The take-up assembly 36 includes a support beam 44, for supporting the tail clamp 34, and two pivot plates 46, 48, for selectively positioning the tail clamp 34 by rotating the support beam 44 relative to the cylinder 10. The support beam 44 is disposed within the cylinder bore 16 and preferably extends along the entire length of the cylinder 10. The support beam 44, which may be rectangular-shaped, has a first edge 50, a second edge 52 and two end faces 54a, 54b that are each proximate to a corresponding cylinder end wall 14a, 14b. The support beam 44, moreover, is supported at each end face 54a, 54b, as described below, such that the support beam 44 may rotate about axis A--A relative to the cylinder 10.

A series of parallel, circumferentially extending slots 56 are formed in the groove 42 of the cylinder 10 for attaching the tail clamp 34 to the support beam 44. The slob 56 communicate between the groove 42 and the cylinder bore 16, permitting a corresponding series of projections 57 that extend radially outward from the first edge 50 of the support beam 44 to protrude up through the slots 56 and into the groove 42. The tail clamp 34 is mounted to these projections 57 by a series of fasteners 58 (see FIG. 1). The tail clamp 34 is thus rigidly mounted to the support beam 44 without compromising the structural integrity of the cylinder 10. If necessary, a counterweight 60 may be mounted along the second edge 52 of the support beam 44 opposite the tail clamp 34 in order to balance the support beam 44 about axis A--A.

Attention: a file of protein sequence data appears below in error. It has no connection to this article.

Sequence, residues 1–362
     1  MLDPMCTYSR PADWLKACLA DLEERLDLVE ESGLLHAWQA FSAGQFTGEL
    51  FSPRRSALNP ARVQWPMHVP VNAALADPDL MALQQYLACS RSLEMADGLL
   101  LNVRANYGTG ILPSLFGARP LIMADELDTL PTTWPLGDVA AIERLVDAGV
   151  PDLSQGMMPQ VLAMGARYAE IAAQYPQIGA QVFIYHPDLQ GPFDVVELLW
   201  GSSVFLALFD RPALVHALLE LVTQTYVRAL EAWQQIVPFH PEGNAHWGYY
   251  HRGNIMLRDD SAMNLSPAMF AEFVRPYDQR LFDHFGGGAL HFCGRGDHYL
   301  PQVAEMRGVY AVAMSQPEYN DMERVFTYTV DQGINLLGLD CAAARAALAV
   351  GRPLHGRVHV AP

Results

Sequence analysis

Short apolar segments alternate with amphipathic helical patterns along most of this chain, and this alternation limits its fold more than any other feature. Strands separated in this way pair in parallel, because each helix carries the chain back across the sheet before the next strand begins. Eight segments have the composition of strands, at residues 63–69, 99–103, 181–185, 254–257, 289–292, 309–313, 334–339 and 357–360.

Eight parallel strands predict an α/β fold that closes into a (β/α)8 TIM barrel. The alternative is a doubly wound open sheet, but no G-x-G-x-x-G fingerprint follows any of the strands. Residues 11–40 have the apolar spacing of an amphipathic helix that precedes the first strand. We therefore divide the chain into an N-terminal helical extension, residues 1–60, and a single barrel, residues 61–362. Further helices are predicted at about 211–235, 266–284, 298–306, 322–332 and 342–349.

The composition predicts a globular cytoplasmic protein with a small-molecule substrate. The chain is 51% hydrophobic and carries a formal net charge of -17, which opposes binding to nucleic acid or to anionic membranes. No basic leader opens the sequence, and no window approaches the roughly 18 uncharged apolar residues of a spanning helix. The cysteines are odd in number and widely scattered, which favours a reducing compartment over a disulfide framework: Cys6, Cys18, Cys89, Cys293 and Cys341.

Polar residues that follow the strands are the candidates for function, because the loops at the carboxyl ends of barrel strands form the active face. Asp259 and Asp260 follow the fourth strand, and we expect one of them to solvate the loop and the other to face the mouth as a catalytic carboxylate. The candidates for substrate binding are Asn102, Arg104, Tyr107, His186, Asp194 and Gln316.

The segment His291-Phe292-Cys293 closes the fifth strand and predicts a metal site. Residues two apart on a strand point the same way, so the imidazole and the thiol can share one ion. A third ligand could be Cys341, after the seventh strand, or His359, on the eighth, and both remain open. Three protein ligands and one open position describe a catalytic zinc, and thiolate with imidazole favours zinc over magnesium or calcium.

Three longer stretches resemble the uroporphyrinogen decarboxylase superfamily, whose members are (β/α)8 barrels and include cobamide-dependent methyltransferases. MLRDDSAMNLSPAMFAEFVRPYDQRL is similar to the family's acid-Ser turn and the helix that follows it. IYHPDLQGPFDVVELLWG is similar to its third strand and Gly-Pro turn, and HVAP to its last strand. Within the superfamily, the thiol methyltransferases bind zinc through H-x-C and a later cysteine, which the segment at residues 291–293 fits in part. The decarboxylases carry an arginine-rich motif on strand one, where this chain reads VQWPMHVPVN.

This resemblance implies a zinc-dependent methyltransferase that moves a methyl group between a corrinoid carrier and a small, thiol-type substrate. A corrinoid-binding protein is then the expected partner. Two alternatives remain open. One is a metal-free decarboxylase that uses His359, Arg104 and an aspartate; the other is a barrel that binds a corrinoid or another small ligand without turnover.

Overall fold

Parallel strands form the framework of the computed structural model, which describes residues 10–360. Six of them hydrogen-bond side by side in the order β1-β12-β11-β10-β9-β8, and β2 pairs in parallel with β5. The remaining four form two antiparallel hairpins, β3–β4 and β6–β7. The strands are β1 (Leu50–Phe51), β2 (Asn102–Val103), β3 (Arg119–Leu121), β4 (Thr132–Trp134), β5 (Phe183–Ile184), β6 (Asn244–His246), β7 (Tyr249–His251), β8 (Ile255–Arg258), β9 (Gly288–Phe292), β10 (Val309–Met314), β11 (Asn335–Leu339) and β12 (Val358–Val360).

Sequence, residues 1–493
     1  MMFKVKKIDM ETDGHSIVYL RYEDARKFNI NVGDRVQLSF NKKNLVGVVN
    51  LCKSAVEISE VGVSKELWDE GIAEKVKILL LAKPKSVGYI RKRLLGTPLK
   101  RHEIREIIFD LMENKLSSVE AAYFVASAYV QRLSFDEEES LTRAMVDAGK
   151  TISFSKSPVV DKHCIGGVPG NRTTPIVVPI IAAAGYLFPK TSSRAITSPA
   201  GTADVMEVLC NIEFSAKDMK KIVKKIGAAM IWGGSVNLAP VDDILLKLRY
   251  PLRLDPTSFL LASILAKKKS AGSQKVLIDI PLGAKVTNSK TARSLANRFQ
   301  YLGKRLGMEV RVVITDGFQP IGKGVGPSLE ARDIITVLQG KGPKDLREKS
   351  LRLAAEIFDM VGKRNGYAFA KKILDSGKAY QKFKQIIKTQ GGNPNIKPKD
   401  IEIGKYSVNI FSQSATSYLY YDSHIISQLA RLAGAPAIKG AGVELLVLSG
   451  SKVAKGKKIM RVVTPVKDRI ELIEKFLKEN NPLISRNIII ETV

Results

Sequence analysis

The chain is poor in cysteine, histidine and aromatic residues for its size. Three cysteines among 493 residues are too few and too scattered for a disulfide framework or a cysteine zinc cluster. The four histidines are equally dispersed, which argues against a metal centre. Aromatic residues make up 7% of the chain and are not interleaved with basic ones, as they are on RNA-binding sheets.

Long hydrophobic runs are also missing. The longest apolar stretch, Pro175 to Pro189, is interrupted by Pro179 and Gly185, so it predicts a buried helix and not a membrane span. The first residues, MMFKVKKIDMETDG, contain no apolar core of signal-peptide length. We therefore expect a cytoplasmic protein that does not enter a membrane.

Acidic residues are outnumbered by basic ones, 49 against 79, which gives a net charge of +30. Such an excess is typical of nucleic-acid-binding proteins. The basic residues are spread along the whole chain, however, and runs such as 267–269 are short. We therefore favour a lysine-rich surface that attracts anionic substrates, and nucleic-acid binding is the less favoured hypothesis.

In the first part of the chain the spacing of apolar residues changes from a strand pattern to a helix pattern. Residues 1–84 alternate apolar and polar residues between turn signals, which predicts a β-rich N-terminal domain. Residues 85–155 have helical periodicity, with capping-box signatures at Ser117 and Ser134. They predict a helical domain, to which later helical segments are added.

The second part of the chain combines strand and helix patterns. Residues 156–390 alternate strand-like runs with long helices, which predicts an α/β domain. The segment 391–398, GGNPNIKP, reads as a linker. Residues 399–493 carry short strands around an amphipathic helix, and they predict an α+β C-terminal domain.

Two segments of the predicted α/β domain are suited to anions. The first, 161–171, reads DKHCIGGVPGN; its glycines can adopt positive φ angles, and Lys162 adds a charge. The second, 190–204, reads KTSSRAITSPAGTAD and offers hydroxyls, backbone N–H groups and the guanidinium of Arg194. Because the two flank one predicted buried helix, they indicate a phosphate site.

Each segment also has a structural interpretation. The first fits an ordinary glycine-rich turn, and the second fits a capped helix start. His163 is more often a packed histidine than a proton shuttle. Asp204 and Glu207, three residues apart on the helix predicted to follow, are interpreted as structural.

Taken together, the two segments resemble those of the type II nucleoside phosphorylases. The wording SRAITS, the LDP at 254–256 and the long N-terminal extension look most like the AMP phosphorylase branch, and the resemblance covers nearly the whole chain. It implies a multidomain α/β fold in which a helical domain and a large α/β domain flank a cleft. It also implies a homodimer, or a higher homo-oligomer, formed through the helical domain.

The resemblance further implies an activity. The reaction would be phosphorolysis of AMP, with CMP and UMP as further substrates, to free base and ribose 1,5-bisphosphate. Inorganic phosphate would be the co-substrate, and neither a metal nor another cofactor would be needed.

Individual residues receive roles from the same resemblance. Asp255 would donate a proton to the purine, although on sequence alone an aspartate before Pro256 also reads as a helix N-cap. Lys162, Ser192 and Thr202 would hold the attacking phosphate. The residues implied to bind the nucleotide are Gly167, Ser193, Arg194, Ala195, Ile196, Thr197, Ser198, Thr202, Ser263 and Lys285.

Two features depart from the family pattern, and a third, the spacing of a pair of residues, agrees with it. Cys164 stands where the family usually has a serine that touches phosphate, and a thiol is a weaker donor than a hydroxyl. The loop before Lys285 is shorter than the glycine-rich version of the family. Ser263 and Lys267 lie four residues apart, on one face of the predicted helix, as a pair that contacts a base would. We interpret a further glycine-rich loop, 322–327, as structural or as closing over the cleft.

Each pivot plate 46, 48 is disposed within the cylinder bore 16 and is supported by and releasably attached to a corresponding end wall 14a, 14b of the cylinder 10. In particular, each end wall 14a, 14b preferably includes an inwardly extending support hub 61a, 61b along the cylinder axis A--A. Each pivot plate 46, 48 is rotatably supported on the corresponding hub 61a, 61b such that an inner face 46a, 48a of each pivot plate 46, 48, relative to the center point C of the cylinder 10, faces the corresponding end face 54a, 54b of the support beam 44. When released from the corresponding end wall 14a, 14b, as described below, each pivot plate 46, 48 is free to rotate about the corresponding support hub 61a, 61b relative to the cylinder 10. Rotation of the pivot plates 46, 48, which are in contact with the support beam 44, as described below, causes the support beam 44 to rotate relative to the cylinder 10 thereby selectively positioning the tail clamp 34 within the groove 42.

Each pivot plate 46, 48 is preferably attached to the corresponding end wall 14a, 14b by a series of L-shaped clamps 62 (see FIG. 2). The L-shaped clamps 62 are spaced around an outer perimeter 46b, 48b of each pivot plate 46, 48 and secured to the corresponding end wall 14a, 14b by fasteners 68. By loosening the fasteners 68 associated with a pivot plate 46, 48, the L-shaped clamps 64 release the associated pivot plate 46, 48 from the corresponding end wall 14a, 14b, thereby permitting the pivot plates 46, 48 to rotate about the corresponding support hubs 61a, 61b. When secured to the corresponding end walls 14a, 14b, the pivot plates 46, 48 transmit the rotative motion of the cylinder 10 to the tail clamp 34, since each pivot plate 46, 48 remains in contact with the support beam 44. Consequently, with the pivot plates 46, 48 secured to the corresponding end walls 14a, 14b, the tail clamp 34 is driven in synchronism with the rotating cylinder 10.